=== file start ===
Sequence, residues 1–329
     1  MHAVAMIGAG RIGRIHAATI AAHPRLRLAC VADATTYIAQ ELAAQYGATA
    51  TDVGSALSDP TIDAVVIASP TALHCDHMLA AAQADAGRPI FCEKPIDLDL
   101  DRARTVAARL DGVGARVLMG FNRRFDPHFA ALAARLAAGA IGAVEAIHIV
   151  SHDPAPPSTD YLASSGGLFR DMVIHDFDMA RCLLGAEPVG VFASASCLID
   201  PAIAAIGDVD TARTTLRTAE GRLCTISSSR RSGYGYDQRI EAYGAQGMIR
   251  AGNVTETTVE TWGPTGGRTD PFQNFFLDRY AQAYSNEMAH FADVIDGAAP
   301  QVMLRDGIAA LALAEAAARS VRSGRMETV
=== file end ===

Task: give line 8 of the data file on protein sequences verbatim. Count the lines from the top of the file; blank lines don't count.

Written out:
   301  QVMLRDGIAA LALAEAAARS VRSGRMETV